moralization, is now in Miiootli i tinning or
der. Herenlter work will be turned oit
promptly mid delivered, and of course the af
tlstlc excellence for which tho CofitiKii prliit
is noted wllllto maintained,
A word to the ladies and others using tine
corresiKMdeneo stationery : Tho CnritiKH of
fice has greatly enlarged its stationery de
partment mid is now displaying one of the
largest and finest stocks ever liiniii.lir i I i...
coin, The front of Its long stoie room has
neon iiuvoted to that purpose mid is separated
from its printing department by a partition.
Tim stationery room has been lilted up In ele
gant stylo, Mth Issly hrussols caiMt, ple-
niies, mirrors, cuiieii maple snow cases and
the wood woik haslieeii painted aputewhlle
The stock of goods comes direct from the
mills In Now Ciiglaud and Includes the
novelties anil newest, styles In vogue In the
cast Tholadiesmo linked to call and In
spect the goods a"d tho Cot'lllKli'H elegant
new others. 1'ivpiirailoiis are under way for
a formal opening in the near futuie.
.MUSIC AM) TIIK DIIA.MA.
-'Mankind" was one of (hose English meln
dramas, The feelings of the audience mo
Inn -ii wed tin oiighsevei. acts, dining which
Vlituoi..; I Villainy havo a rough and tumble
light, llrst inn, 'n top and then the other, but
In theend Vlrtii" i ;iitimphaiit as a matter
of ilianmtle course. 'i play has an Inter
minable dialogue mid the i 'uaxes are some
what weak, but tho company "as much
stiiinger than tho aveiage There Wi.i not a
positive stick In (ho lot.
"Around the Win Id In Highly Hays" diew
a top heavy house- of couise It was a hs)
play poorly preseutisl
'My Aunt Ihldget" will he given this even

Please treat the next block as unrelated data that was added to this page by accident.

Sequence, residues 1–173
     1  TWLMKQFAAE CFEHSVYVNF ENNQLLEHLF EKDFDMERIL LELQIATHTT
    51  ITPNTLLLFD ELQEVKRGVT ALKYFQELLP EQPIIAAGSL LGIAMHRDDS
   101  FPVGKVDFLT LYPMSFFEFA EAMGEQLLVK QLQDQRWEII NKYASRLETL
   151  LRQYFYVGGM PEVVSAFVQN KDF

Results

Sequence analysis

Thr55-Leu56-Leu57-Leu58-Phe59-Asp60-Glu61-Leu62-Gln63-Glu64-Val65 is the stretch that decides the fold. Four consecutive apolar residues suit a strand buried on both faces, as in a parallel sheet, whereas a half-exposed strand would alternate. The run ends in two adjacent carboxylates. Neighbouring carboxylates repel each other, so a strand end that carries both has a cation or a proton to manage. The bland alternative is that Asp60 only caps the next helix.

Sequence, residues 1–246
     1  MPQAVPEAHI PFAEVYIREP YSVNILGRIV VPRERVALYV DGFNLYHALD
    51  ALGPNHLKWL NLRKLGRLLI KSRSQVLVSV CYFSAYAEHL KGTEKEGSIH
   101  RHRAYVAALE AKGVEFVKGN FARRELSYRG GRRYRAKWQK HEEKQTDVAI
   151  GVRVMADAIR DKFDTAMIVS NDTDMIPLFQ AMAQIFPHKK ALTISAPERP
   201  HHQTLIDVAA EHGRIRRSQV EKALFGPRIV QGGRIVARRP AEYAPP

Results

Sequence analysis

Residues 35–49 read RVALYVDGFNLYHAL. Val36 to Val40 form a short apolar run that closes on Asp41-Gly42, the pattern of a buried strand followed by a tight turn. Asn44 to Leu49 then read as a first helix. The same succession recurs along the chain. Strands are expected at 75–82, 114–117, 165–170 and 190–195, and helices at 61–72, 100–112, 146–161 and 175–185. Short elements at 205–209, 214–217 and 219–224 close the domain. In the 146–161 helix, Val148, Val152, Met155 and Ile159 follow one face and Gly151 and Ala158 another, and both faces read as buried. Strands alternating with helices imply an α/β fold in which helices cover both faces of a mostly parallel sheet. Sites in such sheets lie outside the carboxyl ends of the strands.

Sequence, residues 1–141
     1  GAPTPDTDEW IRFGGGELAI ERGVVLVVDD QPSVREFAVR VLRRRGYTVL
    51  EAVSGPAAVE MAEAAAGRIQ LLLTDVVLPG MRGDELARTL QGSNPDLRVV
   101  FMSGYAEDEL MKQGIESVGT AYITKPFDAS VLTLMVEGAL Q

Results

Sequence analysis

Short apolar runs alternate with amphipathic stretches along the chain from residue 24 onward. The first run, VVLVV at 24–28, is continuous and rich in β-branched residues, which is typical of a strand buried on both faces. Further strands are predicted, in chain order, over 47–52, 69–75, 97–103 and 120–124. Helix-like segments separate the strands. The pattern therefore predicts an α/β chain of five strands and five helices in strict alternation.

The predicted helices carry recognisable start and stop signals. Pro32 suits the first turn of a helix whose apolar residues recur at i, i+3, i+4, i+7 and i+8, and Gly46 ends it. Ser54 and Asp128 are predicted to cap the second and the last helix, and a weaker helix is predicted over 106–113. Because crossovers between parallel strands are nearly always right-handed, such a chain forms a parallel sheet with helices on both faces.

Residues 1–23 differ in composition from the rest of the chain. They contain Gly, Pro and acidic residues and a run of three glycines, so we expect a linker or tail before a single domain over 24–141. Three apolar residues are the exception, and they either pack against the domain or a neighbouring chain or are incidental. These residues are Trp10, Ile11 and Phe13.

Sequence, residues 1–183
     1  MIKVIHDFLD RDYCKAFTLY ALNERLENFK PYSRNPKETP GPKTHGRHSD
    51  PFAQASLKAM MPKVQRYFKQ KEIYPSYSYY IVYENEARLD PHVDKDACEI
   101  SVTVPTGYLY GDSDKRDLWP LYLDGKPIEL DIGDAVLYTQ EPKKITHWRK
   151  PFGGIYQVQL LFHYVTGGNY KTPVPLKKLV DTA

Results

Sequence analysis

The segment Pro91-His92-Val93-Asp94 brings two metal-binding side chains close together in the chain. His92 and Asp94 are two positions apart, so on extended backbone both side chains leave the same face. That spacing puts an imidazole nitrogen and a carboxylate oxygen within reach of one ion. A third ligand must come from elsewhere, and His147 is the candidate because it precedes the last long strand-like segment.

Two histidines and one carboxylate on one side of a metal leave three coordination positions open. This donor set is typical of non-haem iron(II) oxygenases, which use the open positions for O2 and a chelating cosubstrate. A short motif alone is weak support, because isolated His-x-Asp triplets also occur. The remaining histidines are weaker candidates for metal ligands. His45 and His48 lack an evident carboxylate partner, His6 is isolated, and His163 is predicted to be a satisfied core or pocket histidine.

ing at Funke's. The New Yoik World says
of it- As a musical comedy, "My Aunt
Bridget" Is the best American pusha-llou it
has been our lot to witness, (lent-go Monroe's
delineation of the gissl untitled, uncouth Irish
wi'innn Hying lobe "a nlco lady," Is unpar
alleled in brilliant .eccentric character palnt
lug. Bridget studying etiquette from u liook
to avoid Improprieties while cutci mining
some guests, whom she Invited esiMrinlly to
"show off" hcroio,iiudiiwukwarilly stumbling
into tlio blunders she studies to avoid, gives
opiKirtunltlcs of del lea to bits of humorous
satire, which Monroe's quick, kccuH)rccpllou
takes advantage of and keeps his auditors In
a constant uproar. Nature gifted Monroo
with a wonderful versatility of fuclul expres
sion. He pantomimes his satirn mid comedy
with n breadth and depth of facial gesture
that needs no words to Impress tho most ob
tuse. His satire tickles tho fancy because his
Insidious suggestiveness leaves Just u Ilttlo
something for our Imagination to complete.
Hlco Is a comedian of the nlry, silky naturo.
He touches us w itli n feather mid wo roar.
Ho sines mid dances eiMiilhifj.lv h.,,i hi,.
IScmilan, his gracefulness has made him a fa
voruo wiin "divine woman."
lUslmnnd te Harry will present "Hermlnlo"
nt Funke's Monday and Tuesday evenings.
Tho piece Is mi adaptation of two French nov
els "Ln Vlvandlere" and "Lu Croix d'Or."
The first act iasses on tho German frontier
during the FruncoOerman war, and tho other
three acts aro laid in Paris fifteen years later.
Tho hero, Paul Durand, marries tho vlvan